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USAF Interceptors: A Military Photo Logbook (1946-1979)

By Terrence J. Miesle - © 2010

Type: Softbound, 128 pp, 150 b/w and 150 color photos, ISBN: 978-1-58007-150-5, compiled by Marty J. Isham and David R. McLaren
MSRP: $24.95 USD (~$26.17 CAN/€ 19.40 EUR) available from Specialty Press
Overall Rating: 9 - a treasure trove of visual reference

First, this is not an encyclopedic history of USAF interceptors. This book is a photo book spanning the years indicated. If you're a "show me the pictures" kind of person, this is for you.

The authors provide a concise history of US territorial defence organization, descriptions of the major fighters and interceptors, plans for other aircraft not pursued and plenty of photos.


Image: Sample page

Image: Another

After WW 2, the defence needs of the US and every major power changed. The long-ranged bombers and nuclear weapons meant no country was completely safe. This meant the US needed to secure its airspace as it never had before. I had presumed this would be straightforward and relatively simple. I was wrong.

The period starts before the formation of the US Air Force. The WW2 vintage P-61s were unsuitable for intercepting new, fast, long-ranged Soviet bombers. These were soon retired in favor of the much more capable F-82 for radar interceptor and P-47s for general patrol. After the USAF was formed, the situation became a little more clear. The book relates deployment of many aircraft types through the “blowtorch” era of fighters, the F-80, F-84, F-86, F-89, F-92, F-86, F-94, F-4, and through the iconic Century Series fighters.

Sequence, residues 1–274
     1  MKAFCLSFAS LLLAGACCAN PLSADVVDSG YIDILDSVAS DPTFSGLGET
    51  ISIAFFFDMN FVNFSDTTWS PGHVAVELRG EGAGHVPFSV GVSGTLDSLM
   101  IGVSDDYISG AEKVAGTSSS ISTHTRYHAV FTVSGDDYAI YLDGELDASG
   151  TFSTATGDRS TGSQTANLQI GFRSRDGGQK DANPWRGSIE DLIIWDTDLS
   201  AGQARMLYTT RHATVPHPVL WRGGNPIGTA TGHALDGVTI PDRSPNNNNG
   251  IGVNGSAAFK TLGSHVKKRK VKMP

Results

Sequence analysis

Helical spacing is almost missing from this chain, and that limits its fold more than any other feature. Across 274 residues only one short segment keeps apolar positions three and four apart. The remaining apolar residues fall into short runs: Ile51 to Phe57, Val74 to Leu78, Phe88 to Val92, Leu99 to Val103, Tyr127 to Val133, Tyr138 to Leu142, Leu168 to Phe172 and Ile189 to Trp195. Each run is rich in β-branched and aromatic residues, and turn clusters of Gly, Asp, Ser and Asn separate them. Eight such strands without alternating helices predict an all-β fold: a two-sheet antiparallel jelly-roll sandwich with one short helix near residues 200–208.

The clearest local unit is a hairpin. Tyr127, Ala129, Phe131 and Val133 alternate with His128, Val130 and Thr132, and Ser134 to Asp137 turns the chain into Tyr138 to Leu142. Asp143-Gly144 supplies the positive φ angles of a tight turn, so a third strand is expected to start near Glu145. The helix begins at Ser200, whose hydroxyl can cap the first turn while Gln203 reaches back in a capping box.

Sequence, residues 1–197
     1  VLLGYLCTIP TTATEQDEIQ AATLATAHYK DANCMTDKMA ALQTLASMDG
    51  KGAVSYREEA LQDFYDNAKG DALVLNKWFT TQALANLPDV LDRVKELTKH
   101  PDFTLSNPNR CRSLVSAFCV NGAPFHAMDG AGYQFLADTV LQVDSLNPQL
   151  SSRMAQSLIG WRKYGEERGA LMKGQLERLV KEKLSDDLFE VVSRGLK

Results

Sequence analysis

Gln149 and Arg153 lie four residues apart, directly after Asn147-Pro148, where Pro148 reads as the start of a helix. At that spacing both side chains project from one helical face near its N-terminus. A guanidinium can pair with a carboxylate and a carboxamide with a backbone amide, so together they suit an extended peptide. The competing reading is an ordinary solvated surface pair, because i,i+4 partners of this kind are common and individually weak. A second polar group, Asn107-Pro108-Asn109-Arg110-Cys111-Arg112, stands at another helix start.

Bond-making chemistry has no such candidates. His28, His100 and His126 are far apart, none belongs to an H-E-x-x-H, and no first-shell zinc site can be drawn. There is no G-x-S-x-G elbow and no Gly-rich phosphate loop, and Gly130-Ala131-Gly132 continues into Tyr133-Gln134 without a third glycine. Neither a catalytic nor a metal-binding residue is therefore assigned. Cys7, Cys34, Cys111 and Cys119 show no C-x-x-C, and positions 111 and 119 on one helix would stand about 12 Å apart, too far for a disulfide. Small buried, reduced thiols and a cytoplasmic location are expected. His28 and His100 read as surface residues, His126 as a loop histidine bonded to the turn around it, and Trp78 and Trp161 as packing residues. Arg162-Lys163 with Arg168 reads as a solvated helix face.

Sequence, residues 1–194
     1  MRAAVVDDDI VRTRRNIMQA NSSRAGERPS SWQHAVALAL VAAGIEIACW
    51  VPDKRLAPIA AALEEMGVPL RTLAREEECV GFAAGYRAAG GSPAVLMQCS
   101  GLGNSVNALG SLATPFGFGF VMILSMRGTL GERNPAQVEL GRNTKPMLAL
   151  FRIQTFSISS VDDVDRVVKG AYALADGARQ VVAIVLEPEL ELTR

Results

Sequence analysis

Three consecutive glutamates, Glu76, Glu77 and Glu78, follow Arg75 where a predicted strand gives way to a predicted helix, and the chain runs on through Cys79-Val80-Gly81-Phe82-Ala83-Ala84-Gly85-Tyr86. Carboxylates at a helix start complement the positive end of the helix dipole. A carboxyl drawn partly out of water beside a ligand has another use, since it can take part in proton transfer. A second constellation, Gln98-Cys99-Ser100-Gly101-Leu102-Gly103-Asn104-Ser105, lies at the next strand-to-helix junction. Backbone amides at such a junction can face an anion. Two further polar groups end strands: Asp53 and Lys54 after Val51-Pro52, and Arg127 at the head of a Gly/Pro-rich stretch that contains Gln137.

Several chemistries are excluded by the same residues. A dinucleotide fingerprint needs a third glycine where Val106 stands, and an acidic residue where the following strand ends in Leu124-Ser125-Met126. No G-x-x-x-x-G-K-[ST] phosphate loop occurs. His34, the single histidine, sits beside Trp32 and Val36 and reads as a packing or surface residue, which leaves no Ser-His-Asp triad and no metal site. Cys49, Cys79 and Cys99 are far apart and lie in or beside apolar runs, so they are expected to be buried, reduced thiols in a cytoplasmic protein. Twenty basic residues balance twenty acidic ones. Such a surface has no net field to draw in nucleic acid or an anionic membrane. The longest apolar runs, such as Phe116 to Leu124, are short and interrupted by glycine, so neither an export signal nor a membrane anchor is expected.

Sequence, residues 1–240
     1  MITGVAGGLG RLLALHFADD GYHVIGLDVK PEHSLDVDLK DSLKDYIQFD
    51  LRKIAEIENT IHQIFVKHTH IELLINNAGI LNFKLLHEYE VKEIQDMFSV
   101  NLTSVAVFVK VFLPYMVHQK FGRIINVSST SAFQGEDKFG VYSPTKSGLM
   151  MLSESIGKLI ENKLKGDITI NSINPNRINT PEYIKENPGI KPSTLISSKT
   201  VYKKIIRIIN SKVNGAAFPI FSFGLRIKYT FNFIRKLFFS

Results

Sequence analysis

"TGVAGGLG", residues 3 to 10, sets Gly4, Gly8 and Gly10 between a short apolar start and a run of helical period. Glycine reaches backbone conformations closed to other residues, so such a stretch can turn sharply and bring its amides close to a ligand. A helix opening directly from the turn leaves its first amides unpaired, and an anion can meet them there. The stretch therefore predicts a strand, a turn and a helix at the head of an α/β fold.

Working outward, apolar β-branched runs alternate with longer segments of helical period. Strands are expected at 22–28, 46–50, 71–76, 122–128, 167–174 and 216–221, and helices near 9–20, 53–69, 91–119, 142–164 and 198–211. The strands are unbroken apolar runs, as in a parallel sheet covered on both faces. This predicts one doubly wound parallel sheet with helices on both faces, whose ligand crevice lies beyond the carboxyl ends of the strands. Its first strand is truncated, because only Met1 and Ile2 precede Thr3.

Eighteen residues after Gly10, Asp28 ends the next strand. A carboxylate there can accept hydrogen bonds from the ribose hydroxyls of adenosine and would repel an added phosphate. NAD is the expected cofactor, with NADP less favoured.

An interesting point I hadn’t really considered is the relationship changes when units were deployed overseas and on US territory. Of course units rotated service frequently, and the roles occasionally changed. The Air Defence Command evolved over the decades, as did the tactics and structure of its fighter squadrons. ADC ended in 1979, when a more modern combined aircraft structure took over. But in the glory days of US interceptors, ADC was the name of the game.

The book also dedicates some space to the support aircraft, like trainers, laiason and controller aircraft. These types allowed skilled pilots to operate efficiently and professionally with other services and nations. The book also dedicates a little space to five “might have been” interceptor concepts.

As primarily a well-captioned picture book, USAF Interceptors succeeds quite well. I’m a fan of this era and there are a lot of pictures I’ve never seen. Some of the color schemes are gaudy, some quite odd to the contemporary eye, and some are downright unattractive. But they’re all very interesting in historical and a model-building contexts. In-flight beauty shots are interspersed with deployment and field maintenance and airshow pictures. The book has a lot of color pictures and many of the black & white images have color information in the captions. As a modeler, this is invaluable. It makes painting a hitherto-unseen aircraft for a model show possible. Since many of these aircraft are bare-metal, the book provides some very interesting weathering and coloration references.

What’s here for the Science Fiction modeler? At first consideration I’m tempted to say not much. On second thought, there are a few things. First, if you are interested in conjectural or alternate aircraft, there are some great squadron marking and color schemes here. For instance, if you wanted to paint an F-90 as an operational jet, you have some great choices. Second, this is the great monster movie era and you can really play with these fighters and UFOs or Kaiju. Third, the fighter concepts have value of their own. Some of these will give you great kitbashing ideas, though there are plenty of books on US fighter concepts.


USAF Interceptors is a great picture album interwoven with concise history. At its $25 MSRP I think it’s a great value even within Specialty Press’ catalogue.

Many thanks to the folks at Specialty Press for the review sample.

Please note that the opinions expressed in this article are those of the reviewer.
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This page copyright © 2010 Starship Modeler™. First posted on 11 August 2010.